It has been a frantic 24 hours.
It has been a sad display. People, businesses, healthcare workers, hospitals, sport facilities, schools, universities, hotels and everyone else have been frantically trying to decode Orbán’s trickling Facebook revelations and TV and radio announcements about the coming lockdown over the last week. It should never happen like that, a restaurant should be able to plan whether they can open the next day and employees should be able to know if they have a job tomorrow, a student should be able to know on Tuesday if he is allowed to stay in his dormitory room on Wednesday, or whether he should look for an apartment he can’t afford in the first place.
But the details were not announced until almost midnight the day before. Like a teasing celebrity Orbán kept dropping hints and new details – but the actual text of the decree was not published until half an hour before it entered into force. But then they got busy.
Rather than working on the Covid-related closures and restrictions, the administration prepared
- a change in the constitution,
- and a change in the election law.
And submitted them one minute before the new 90-day emergency empowerment of Orbán began. In other words, before the 8PM curfew and the ban on protests started.
The Covid-restrictions, in the meantime, are infuriatingly incomplete. But worry not, Orbán keeps announcing things (this time with full empowerment), like ordering the military to enforce the restrictions.
This ought to have our full attention, but the really interesting developments of yesterday are the changes to the constitution and the election law.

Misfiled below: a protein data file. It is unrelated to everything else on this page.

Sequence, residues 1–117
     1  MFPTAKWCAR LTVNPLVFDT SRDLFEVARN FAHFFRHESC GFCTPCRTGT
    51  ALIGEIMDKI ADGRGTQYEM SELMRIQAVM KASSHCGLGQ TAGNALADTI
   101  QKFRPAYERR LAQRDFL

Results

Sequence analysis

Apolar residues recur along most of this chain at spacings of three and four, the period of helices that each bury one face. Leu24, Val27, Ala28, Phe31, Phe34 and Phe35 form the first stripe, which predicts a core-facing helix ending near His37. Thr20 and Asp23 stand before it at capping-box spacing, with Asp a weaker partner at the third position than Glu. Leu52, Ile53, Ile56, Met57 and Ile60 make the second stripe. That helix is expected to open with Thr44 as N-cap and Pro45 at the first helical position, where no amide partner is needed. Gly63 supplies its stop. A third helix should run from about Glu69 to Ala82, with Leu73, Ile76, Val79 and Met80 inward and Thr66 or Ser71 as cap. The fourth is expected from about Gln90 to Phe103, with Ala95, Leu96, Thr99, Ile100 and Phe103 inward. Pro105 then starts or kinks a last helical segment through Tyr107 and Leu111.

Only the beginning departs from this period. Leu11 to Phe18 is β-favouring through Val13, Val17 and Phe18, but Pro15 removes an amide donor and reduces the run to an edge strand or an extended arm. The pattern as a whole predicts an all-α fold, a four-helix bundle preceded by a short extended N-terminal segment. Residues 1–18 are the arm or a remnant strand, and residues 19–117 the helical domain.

Without any deeper analysis and getting lost in discussing the communication flash bombs added for distraction, the new rules will
- make the removal of public money legal, and
- make it (even) more difficult for the non-Orbánist parties to run at the next elections (in 2022) as a united opposition.
Neither of these moves is surprising, only the timing and the way of submitting them has even less class than usual.
Opposition parties’ chances of running together in order to remove Orbán has been seriously curtailed already. Ever since the municipal election defeat in October 2019, Orbán keeps coming up with new rules hindering the opposition. Why he needed to kick them right now deserves more attention than the details of this change – not least because there will be more changes to come as the elections approach, all to the same effect.
Among the changes to the constitution there are attention-drawing flash bombs (chew toys, as we call them) that has to do with sex and gender and political Christianism, but they are only there to distract from the real reason Orbán made this unsavory move right now: to legalize the removal of public money from the public purse through so-called public foundations, a type of organization that has lately been increasingly used to siphon public money into OfFidesz entities.
But that is still not surprising. Siphoning out public (and EU money) is the purpose of this system and has been taking place for a decade. The real news is the hurry and the timing.
But we can’t protest, we don’t even know where to wear a mask, where to put our children, where to buy supplies, how the government plans to help SMEs, if at all. We are busy reading the incomplete rules of the lockdown and still try to second-guess what they mean.